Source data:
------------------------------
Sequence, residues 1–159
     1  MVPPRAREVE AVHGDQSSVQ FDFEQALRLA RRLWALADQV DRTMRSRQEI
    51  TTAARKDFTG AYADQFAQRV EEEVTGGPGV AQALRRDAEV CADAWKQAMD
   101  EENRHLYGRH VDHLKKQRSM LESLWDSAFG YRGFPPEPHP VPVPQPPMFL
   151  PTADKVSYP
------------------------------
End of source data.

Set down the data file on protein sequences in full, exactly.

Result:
Sequence, residues 1–159
     1  MVPPRAREVE AVHGDQSSVQ FDFEQALRLA RRLWALADQV DRTMRSRQEI
    51  TTAARKDFTG AYADQFAQRV EEEVTGGPGV AQALRRDAEV CADAWKQAMD
   101  EENRHLYGRH VDHLKKQRSM LESLWDSAFG YRGFPPEPHP VPVPQPPMFL
   151  PTADKVSYP